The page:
Six English queens have their day on Broadway’s Six
Six English queens have their day in a flashy new Broadway musical.
Broadway review by Adam Feldman
Who doesn’t love a royal wedding? Broadway’s catchy musical Six loudly celebrates the union of English dynastic history and modern pop music. On a simulated concert stage, supported by an all-female group, the six wives of 16th-century monarch Henry VIII voice their grievances through singing, and most of them have cause for complaint: two were beheaded, two were divorced, one died shortly after childbirth. In this self-proclaimed “histo-remix”, members of the long-suffering sextet turn their pain into bops; the queens sing aloud and the audience loses their minds.
Maybe it’s for the best, because Six is not a show to think about too much. Toby Marlow and Lucy Moss wrote it while they were still students at Cambridge University, and it feels like a very entertaining senior showcase. Its 80 minutes are filled with clever rhyme tricks and catchy pastiche melodies that allow mega-voiced singers to toss awesome ‘riffs to ruffle your strawberries’. The show’s own riffs on the story are also educational, like a cheeky new UK edition of School rock. While all of these appetizers don’t quite add up to a meal, they are undeniably tasty.
Aside from the opening number and the final and a detour in Sprockets– German club dance style, Six is dedicated to giving each of the queens – let’s call them the Slice Girls – a moment each in the spotlight, decked out in sparkling, jewel-encrusted Gabriella Slade outfits that are Tudor by way of Starlight Express. Patron Saint Catherine of Aragon (Adrianna Hicks) sings a provocative Beyoncé-style number, and an ostensibly carefree Anne Boleyn (Andrea Macasaet, imperturbable and funny) gets a song from Avril Lavigne. Serious Jane Seymour (Abby Mueller) takes Sia’s route, while Anna of Cleves (Brittney Mack) tears up a Nicki Minaj – ian banger. Katherine Howard (Samatha Pauly), under Ariana Grande’s fountain ponytail, stars as “All You Wanna Do”, a sexy pop princess who turns sour. (May be SixThe most ambitious song of – it’s the only one that involves a true dramatic arc – it’s also the least well conceived. But on a show as meta-meta as this, it can be an intentional blow to the pop lyrics writing.)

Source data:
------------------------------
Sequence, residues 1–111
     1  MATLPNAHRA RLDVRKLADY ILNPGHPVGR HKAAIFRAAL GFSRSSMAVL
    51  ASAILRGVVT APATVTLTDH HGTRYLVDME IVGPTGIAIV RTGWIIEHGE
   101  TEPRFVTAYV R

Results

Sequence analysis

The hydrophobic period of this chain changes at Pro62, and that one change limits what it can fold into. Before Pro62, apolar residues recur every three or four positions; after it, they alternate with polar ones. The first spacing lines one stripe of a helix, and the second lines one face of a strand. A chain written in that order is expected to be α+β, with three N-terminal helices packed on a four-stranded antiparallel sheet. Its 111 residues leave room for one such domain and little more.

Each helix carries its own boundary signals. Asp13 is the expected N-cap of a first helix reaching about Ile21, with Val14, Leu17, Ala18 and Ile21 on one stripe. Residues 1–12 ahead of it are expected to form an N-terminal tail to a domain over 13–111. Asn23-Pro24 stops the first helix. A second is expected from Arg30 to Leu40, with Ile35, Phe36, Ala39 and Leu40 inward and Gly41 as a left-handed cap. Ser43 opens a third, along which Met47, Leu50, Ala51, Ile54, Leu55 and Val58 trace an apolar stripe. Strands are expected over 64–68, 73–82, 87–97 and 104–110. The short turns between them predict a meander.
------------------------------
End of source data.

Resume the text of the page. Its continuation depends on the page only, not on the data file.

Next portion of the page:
It ultimately falls to Catherine Parr (Anna Uzele), the surviving wife, to try and add the big numbers of the series into a sum, and that’s when Six signals a little. The show is carried out with the energy Let’s keep this party-going by Moss and Jamie Armitage, supported by the formations of Carrie-Anne Ingrouille’s choreography, but her girl-power side cannot support it forever. In the heart, Six is a glittering lark—Hamilton Extra Lite, with the multiculturalism and anachronism and dropping names but without the intrigue, emotion and depth – and by the finale you can feel it grabbing for cohesion: six looking characters of a binding author concept. But who these days expects any royal wedding to end perfectly? Six is not deep. Six is funny. Let go and enjoy the adornment.
Six. Brooks Atkinson Theater (Broadway). Book, music and lyrics by Toby Marlow and Lucy Moss. Directed by Lucy Moss and Jamie Armitage. With the whole cast. Duration: 1h20. No intermission.